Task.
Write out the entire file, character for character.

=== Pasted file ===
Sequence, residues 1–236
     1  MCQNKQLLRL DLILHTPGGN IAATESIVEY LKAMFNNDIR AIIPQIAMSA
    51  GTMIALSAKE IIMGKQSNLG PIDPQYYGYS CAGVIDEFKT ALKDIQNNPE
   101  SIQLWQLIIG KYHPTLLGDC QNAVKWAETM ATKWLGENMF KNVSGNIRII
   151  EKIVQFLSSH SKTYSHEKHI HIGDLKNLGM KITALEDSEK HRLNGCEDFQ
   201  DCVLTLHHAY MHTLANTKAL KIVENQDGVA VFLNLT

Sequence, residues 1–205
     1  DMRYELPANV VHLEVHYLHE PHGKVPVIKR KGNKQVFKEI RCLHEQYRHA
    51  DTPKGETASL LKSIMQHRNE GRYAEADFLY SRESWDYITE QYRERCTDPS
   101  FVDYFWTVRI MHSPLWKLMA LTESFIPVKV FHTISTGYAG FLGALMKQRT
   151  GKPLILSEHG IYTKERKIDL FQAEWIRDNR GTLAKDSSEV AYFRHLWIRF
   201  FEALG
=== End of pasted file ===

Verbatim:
Sequence, residues 1–236
     1  MCQNKQLLRL DLILHTPGGN IAATESIVEY LKAMFNNDIR AIIPQIAMSA
    51  GTMIALSAKE IIMGKQSNLG PIDPQYYGYS CAGVIDEFKT ALKDIQNNPE
   101  SIQLWQLIIG KYHPTLLGDC QNAVKWAETM ATKWLGENMF KNVSGNIRII
   151  EKIVQFLSSH SKTYSHEKHI HIGDLKNLGM KITALEDSEK HRLNGCEDFQ
   201  DCVLTLHHAY MHTLANTKAL KIVENQDGVA VFLNLT

Sequence, residues 1–205
     1  DMRYELPANV VHLEVHYLHE PHGKVPVIKR KGNKQVFKEI RCLHEQYRHA
    51  DTPKGETASL LKSIMQHRNE GRYAEADFLY SRESWDYITE QYRERCTDPS
   101  FVDYFWTVRI MHSPLWKLMA LTESFIPVKV FHTISTGYAG FLGALMKQRT
   151  GKPLILSEHG IYTKERKIDL FQAEWIRDNR GTLAKDSSEV AYFRHLWIRF
   201  FEALG